5. To deploy the Virtual Kubelet resources, run the following command:

    kubectl apply -k

    This will create the Virtual Kubelet deployment in your Kubernetes cluster. Please note that a secret will be generated from the file specified in the secretGenerator section of the kustomization.yaml file. This secret contains the values of the environment variables specified in the file.

Updating Resources

To customize the Virtual Kubelet deployment, create an overlay directory (vk-deployment-updated in this example) within the overlays directory with a kustomization.yaml file that specifies the changes you want to make.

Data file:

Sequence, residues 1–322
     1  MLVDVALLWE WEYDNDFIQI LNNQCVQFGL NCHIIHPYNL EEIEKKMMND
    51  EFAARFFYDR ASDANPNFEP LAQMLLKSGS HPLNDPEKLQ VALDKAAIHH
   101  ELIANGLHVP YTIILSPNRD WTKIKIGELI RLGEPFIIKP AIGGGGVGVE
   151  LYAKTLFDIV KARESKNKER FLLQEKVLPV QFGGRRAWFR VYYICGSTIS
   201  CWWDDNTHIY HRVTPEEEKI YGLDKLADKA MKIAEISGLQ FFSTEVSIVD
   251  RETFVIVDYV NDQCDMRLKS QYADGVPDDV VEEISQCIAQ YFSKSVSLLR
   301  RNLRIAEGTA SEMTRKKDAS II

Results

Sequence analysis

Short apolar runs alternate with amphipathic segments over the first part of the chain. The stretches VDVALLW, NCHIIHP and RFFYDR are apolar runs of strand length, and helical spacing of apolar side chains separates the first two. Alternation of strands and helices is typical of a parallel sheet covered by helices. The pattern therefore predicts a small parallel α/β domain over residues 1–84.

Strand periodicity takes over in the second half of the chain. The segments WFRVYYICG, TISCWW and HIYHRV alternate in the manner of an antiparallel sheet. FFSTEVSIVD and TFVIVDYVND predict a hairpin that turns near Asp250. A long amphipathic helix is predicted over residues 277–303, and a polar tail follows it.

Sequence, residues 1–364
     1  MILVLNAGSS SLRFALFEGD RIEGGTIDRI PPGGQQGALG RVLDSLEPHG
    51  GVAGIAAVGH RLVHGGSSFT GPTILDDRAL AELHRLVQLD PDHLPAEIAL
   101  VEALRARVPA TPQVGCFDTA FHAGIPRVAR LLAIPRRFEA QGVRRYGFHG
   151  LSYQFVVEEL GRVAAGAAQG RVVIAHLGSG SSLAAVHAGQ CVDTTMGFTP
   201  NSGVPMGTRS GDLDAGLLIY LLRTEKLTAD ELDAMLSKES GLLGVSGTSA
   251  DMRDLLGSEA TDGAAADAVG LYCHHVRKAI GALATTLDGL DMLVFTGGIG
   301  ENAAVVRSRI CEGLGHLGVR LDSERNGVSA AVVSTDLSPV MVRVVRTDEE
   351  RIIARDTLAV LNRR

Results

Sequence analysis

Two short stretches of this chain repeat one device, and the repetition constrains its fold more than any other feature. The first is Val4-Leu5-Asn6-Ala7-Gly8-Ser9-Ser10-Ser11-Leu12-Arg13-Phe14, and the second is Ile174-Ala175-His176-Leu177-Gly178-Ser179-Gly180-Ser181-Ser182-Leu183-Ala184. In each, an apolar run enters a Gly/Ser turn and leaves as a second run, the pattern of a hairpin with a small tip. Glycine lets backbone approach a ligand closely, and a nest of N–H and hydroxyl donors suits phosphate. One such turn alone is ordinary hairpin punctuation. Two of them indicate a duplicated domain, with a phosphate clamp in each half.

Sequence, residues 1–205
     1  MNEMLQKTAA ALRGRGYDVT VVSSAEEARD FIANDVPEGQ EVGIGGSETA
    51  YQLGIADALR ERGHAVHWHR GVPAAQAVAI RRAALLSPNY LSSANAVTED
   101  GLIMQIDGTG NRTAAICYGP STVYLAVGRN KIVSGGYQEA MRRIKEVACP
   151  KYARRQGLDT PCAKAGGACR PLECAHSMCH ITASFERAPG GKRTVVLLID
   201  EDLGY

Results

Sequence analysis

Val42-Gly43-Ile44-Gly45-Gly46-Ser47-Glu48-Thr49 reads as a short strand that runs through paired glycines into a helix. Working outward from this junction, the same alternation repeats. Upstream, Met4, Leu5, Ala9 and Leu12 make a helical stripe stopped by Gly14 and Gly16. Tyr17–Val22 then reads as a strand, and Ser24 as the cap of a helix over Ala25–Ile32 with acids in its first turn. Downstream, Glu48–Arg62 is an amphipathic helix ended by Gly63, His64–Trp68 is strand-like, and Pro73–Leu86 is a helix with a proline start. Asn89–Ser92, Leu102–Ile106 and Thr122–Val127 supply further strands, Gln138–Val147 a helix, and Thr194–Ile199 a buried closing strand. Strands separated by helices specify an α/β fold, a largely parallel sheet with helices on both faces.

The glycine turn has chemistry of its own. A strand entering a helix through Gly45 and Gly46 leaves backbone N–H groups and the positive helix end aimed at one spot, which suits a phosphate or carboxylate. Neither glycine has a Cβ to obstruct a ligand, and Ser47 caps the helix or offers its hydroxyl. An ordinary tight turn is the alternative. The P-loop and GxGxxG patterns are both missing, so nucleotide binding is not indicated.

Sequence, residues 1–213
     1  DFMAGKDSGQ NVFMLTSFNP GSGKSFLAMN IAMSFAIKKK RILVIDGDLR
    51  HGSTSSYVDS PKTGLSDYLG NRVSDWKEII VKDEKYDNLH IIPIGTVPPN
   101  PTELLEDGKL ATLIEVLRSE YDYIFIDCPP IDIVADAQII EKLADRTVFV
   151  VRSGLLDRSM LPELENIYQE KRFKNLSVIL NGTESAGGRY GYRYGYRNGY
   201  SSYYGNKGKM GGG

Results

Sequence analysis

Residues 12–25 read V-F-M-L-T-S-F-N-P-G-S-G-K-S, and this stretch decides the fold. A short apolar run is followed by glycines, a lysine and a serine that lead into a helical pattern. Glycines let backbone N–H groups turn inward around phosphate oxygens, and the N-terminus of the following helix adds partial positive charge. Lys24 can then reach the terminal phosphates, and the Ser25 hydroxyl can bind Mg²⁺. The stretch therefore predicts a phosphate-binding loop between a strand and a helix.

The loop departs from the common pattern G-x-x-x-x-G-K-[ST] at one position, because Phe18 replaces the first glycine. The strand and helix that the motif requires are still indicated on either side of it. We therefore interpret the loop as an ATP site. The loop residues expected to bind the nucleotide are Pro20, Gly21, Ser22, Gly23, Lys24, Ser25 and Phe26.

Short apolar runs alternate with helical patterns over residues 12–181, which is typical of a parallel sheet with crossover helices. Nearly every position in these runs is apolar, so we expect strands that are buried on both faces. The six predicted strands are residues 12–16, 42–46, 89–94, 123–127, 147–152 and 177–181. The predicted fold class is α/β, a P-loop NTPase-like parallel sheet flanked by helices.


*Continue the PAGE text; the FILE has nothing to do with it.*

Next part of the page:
├── base  
│   ├── cluster-role.yaml  
│   ├──  
│   ├── kustomization.yaml  
│   ├── namespace.yaml  
│   ├── service-account.yaml  
│   └── vk-deployment.yaml  
└── overlays  
    └── vk-deployment-updated  
        └── kustomization.yaml

Create the following kustomization.yaml file under the overlay directory to create a Virtual Kubelet in a namespace other than the default one while updating the values of SP_CITY_CODE and SP_STACK_ID environment variables. We will be using sp-atl as the location for this example.

- ../../base

namespace: sp-atl

- name:
newTag: 0.0.2

- name: sp-vk-location
behavior: replace

- name: sp-vk-secrets
behavior: merge
- SP_STACK_ID= <another_stack_id>
  • resources references the base resources that are inherited by this overlay, which includes a default Virtual Kubelet deployment configuration.